Research from McKinsey & Company indicates that consistency is key to customer satisfaction. It's not enough to get each individual interaction "right" - brands have to get it "right" consistently throughout the customer journey.
Classic purchase funnel models generally start with 'awareness' and end at 'purchase.' McKinsey goes a step further, and includes 'loyalty.'
McKinsey found that consistency throughout the customer journey is an important predictor of overall customer satisfaction and loyalty.
The firm surveyed 27,000 American consumers across 14 different industries and found that measuring customer satisfaction through the customer journey is more 30 percent more predictive, overall, of customer satisfaction.
Further, improving customer satisfaction throughout the journey can lift revenue by up to 15 percent while lowering the cost of serving customers by as much as 20 percent.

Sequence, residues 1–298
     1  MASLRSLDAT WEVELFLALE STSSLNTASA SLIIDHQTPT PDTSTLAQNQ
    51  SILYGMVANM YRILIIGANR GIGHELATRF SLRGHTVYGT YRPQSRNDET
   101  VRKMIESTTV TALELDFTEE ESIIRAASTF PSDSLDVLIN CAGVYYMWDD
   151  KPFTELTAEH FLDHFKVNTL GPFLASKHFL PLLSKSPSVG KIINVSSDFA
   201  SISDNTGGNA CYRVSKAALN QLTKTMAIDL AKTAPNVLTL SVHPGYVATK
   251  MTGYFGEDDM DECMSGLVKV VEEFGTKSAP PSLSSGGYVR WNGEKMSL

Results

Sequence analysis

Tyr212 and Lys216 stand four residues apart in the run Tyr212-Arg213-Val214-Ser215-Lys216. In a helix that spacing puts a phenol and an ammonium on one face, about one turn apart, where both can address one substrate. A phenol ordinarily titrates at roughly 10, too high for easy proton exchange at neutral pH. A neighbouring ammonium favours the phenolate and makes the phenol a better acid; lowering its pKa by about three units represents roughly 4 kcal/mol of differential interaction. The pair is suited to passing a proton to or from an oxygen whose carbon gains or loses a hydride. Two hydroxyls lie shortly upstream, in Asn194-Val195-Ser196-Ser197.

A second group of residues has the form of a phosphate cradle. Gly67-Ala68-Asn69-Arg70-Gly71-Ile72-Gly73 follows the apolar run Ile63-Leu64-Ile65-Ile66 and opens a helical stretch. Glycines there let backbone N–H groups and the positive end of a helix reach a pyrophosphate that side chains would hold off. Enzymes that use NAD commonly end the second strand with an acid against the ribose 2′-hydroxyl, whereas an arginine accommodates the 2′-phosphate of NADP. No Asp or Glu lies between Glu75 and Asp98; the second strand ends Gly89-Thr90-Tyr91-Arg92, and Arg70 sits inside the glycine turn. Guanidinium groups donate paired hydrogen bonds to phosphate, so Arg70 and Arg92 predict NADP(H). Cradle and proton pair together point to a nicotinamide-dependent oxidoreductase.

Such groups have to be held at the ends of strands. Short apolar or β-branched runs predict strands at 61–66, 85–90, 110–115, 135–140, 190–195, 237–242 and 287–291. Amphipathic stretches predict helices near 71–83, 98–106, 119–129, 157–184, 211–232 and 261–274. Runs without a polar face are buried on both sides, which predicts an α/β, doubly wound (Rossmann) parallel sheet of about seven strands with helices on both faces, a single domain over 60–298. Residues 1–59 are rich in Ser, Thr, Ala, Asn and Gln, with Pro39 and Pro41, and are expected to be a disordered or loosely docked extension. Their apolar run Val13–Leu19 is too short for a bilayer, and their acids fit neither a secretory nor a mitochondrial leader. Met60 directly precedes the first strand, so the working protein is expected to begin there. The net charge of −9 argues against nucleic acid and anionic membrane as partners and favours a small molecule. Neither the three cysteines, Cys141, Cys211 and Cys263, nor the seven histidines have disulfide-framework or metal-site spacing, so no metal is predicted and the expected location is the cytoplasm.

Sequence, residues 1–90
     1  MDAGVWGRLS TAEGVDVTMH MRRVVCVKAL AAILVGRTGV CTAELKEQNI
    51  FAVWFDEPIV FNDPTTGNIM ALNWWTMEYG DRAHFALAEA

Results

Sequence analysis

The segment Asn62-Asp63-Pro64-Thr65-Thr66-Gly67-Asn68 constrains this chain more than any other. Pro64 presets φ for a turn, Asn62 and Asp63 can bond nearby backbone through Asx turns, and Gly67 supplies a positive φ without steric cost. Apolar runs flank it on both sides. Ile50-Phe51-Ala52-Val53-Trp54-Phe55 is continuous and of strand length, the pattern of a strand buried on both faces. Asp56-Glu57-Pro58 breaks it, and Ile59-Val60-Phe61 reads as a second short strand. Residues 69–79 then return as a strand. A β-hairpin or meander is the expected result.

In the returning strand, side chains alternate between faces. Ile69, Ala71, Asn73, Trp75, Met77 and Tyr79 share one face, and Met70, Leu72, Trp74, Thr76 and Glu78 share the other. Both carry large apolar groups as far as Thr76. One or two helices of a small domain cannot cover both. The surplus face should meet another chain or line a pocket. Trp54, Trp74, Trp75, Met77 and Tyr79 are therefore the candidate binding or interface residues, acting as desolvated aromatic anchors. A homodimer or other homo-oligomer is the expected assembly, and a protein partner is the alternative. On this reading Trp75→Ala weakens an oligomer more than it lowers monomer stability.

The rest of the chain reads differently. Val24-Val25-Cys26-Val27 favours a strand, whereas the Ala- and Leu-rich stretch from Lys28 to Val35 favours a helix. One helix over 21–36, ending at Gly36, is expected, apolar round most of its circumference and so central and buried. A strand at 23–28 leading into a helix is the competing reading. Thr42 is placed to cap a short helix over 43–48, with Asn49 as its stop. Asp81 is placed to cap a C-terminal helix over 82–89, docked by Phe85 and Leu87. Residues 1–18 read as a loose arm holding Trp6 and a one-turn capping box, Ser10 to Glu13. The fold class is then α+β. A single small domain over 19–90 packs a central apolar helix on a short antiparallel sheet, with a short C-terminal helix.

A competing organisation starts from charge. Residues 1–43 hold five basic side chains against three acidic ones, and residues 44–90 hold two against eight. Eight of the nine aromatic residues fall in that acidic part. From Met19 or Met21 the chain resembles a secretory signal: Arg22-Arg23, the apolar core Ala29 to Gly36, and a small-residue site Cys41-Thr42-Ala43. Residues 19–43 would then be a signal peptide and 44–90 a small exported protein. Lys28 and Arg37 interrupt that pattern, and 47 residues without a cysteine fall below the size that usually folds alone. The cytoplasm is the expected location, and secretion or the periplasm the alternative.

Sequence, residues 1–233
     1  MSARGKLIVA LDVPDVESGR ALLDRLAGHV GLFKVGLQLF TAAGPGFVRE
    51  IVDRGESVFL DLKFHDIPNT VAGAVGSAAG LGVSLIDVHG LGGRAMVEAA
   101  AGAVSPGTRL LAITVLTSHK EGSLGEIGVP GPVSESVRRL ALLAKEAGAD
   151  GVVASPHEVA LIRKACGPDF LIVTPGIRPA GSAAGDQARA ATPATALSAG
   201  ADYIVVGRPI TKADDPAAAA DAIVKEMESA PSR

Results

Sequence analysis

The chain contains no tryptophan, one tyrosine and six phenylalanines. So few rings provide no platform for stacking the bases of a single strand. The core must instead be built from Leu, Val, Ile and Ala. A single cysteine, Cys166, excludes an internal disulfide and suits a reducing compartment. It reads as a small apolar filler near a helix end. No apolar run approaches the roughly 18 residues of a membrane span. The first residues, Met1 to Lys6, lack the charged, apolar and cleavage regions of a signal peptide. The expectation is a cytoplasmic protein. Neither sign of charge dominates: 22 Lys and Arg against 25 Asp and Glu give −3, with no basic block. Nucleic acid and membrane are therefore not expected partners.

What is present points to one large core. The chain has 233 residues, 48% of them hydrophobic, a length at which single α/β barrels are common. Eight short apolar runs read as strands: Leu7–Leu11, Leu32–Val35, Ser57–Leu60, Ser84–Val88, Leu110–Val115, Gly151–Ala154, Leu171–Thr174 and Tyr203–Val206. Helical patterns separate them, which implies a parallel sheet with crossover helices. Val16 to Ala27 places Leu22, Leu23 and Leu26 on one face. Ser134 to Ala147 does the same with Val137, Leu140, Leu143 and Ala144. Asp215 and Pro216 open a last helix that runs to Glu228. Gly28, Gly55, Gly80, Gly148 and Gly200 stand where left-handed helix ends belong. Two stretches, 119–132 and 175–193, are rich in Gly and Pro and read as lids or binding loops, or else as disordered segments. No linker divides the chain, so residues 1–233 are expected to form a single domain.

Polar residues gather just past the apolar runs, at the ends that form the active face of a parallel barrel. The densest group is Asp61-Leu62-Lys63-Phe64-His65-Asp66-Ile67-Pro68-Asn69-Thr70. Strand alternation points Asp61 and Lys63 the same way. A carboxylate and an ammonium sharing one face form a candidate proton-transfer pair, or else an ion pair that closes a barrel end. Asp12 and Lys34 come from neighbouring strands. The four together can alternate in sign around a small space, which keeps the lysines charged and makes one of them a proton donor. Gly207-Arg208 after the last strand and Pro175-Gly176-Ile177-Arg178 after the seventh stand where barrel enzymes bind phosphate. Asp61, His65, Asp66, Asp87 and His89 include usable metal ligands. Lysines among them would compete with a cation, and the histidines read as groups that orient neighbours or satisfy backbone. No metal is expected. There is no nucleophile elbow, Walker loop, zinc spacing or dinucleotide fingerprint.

McKinsey's report breaks it down to three types of 'consistency':
- Customer-journey consistency
- Emotional consistency
- Communication consistency
Brands need to build trust with customers to make, and keep, an emotional connection, and a big part of that is delivering on promises. As with personal relationships, broken promises degrade trust.
To do that, companies need to create teams that look at interactions across the entire customer journey and ensure that, throughout, promises made are promises kept, and that the company delivers on the overall brand promise, not just transactional promises.
Companies should also start by fixing areas where negative customer experiences are most common - one negative experience has a far greater impact, four to five times, than a single positive experience.
Finally, McKinsey says that brands need to address this now. Customers are less patient than ever, and competitors are always working to make it easier to switch.
As the number of touchpoints with customers increases - particularly through mobile phones and the myriad modes of communication enabled by smartphones - consistency of experience is more critical than ever.